Tuesday, October 16, 2012

Kuala Lumpur

posted by Ron. 

Kuala Lumpur is a big and busy city. This video does a great job of showing just that.

Wednesday, September 12, 2012

Made It Through

Written by: Megan

So, it is already September of 2012, and I have started my second year of teaching at ISKL;  it isn't until now that I feel ready to reflect on my first year in Kuala Lumpur.

When first arriving, I was smacked by so many new sights, sounds, and smells that it was difficult to really take it all in.  I can vividly remember the van driving us from Kuala Lumpur airport to the Renaissance hotel (where all new teachers are housed for 10 days).  I was exhausted after traveling for over 20 hours, while 5 months pregnant and with a 3 year old.  The cars looked different; the trees looked different; the people were different, and most nerve-racking was how completely different the landscape and housing looked.

Slums outside of KL
The airport is an hour's drive from KL.  In this time, we got to see a huge disparity between the shanty houses made of pieces of aluminum thrown together and huge blocks of low-income apartments, versus a booming city with beautiful new high rises and suburbs of beautiful homes (homes that look nothing like homes in the U.S.).  Of course, I could only focus on the really poor parts - the areas that I had only seen on television or National Geographic magazine.  I still get a queasy feeling in the pit of my stomach when I think about that drive.  We were here - in a country far different from our home, amongst a culture we really didn't know much about.  What would it be like to live in a Muslim country?  Are the people going to be nice?  Will they accept us?  How are we going to get around?  Where are we going to live?  Will we be safe?  Will my children like it here?  Will I find a good doctor and hospital to deliver Brady? Where is the darn grocery store?!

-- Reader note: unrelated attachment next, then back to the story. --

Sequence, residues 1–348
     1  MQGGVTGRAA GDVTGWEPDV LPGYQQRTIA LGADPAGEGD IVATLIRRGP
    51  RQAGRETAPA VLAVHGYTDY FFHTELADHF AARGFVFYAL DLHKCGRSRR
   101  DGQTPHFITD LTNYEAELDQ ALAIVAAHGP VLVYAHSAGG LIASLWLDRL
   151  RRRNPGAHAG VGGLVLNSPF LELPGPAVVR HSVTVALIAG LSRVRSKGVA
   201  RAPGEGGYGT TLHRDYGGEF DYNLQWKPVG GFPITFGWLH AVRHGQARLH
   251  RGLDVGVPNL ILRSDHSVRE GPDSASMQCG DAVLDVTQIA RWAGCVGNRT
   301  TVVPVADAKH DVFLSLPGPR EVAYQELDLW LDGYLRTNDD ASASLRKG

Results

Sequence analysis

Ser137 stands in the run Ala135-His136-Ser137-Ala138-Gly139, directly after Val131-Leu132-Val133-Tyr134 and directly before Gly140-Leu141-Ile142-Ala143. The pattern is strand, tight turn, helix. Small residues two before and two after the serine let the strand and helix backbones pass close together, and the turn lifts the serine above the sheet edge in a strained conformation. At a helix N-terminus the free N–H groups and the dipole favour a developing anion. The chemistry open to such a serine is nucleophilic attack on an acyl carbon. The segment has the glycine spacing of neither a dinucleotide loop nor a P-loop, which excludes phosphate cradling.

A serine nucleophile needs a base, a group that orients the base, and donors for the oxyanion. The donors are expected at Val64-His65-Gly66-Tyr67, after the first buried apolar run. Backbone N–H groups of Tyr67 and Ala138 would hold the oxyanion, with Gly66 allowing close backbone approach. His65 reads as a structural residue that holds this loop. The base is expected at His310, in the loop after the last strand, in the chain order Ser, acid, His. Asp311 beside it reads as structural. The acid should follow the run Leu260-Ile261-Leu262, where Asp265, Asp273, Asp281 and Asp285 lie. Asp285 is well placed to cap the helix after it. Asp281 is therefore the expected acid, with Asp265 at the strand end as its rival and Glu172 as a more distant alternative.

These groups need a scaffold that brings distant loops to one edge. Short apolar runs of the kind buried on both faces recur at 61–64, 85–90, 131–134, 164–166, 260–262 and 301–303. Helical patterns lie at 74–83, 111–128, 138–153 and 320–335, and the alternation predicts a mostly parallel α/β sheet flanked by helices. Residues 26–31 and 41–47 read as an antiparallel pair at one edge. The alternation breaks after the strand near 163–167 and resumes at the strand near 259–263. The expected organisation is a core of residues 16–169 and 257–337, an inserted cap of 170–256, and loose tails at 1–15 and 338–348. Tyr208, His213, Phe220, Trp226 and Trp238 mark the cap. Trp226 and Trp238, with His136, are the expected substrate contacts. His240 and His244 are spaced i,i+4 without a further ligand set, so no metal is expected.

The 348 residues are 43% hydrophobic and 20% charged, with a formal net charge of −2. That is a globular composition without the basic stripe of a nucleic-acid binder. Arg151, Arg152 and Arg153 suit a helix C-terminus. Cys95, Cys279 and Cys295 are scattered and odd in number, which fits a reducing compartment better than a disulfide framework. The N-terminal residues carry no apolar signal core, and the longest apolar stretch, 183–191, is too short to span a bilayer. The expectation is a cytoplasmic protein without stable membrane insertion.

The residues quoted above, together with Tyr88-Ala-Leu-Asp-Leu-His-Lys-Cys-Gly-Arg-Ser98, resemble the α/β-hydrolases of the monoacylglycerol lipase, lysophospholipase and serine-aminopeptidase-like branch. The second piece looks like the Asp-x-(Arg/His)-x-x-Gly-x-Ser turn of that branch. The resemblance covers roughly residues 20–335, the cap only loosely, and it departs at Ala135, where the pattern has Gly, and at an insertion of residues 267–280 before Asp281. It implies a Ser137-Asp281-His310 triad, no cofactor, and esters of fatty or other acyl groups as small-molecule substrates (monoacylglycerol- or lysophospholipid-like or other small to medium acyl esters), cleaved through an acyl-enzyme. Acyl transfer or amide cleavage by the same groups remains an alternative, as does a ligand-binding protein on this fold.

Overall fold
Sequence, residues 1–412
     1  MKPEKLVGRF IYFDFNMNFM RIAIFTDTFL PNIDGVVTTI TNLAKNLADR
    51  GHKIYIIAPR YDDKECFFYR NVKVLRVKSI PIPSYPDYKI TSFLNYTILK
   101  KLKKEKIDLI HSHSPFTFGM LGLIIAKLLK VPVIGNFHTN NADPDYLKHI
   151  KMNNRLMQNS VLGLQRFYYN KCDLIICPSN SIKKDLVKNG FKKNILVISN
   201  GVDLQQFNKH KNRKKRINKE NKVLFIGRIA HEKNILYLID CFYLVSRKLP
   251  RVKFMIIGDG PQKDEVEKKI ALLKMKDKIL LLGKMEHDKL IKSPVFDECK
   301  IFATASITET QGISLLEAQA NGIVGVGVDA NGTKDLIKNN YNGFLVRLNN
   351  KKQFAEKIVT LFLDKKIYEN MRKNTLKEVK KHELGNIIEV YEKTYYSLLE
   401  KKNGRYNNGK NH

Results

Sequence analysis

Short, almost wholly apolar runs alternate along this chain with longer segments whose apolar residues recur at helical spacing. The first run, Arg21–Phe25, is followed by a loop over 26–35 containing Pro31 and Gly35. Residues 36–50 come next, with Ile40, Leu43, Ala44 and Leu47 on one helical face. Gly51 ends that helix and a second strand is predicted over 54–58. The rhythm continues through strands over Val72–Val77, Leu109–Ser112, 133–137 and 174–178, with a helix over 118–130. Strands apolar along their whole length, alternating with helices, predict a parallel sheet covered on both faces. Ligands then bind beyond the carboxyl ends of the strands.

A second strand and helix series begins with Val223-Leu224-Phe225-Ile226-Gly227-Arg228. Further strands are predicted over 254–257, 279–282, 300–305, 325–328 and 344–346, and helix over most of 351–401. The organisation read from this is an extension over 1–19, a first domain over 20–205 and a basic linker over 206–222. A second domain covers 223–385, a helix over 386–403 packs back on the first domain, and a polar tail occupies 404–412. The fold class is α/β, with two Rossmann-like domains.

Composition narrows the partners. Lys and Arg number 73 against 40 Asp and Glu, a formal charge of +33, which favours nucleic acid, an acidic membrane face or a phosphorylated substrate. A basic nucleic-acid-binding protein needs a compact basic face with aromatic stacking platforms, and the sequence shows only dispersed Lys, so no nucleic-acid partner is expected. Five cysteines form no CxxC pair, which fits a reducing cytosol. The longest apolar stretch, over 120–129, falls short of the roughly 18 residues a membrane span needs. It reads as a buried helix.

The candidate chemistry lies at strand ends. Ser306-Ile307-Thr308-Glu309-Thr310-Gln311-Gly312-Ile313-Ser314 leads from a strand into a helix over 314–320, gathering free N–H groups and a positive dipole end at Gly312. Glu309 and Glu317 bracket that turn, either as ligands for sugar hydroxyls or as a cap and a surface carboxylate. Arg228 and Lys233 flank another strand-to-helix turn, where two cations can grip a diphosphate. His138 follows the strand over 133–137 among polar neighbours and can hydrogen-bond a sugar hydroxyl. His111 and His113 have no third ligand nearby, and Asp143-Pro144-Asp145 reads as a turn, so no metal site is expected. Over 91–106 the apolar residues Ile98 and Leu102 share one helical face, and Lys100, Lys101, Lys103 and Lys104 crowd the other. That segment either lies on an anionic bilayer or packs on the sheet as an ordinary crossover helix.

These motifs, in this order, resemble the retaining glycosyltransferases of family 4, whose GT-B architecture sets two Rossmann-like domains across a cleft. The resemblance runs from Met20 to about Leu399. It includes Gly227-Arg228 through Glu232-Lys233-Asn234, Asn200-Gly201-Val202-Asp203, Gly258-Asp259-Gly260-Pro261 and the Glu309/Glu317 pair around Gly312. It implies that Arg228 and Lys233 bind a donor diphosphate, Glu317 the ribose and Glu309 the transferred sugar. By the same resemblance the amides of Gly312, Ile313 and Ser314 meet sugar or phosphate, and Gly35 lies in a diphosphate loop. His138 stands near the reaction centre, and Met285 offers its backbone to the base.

It was NOT an easy transition.  It was a few weeks after we were here when Ron admitted to me that on the second day at the hotel, he actually contemplated putting us on a plane and heading back to the U.S.  Well, I can honestly say that we are so glad we stuck it out...

As the year progressed, we became more accustomed to the differences here.  We learned how things actually get done (which is neither fast nor efficient).  We learned how to properly craft our sentences so people could understand us:  Where's the toilet?  We would like this food for take away.  Can I get a beef burger?  Where is the queue? ... and we found that most questions can simply be answered with "Can" or "Cannot" - without any further explanation :)     We learned our way around, made our house a home, and continued to develop strong friendships with our coworkers.

Malaysia is a beautiful country with beautiful people.  We have felt so welcomed and accepted by both the Malaysian people and the expat community.  Although travel is tough with little ones, we have already gotten to see several areas of Malaysia and Phuket, Thailand - where all of the people we've encountered have been nothing but helpful, smiling, and wanting to touch, hold, and take pictures with our children.

Working at ISKL has been the hardest, yet most rewarding experience of our professional career. This is a rigorous school with high standards for both teachers and students.  Teachers work, work, and then work some more.  We are often stressed out and tired, but all the while we are happy to be a part of such an excellent educational community.  Our fellow teachers push us to be our best at all times, and our administrators support us.  We are lucky to be at ISKL.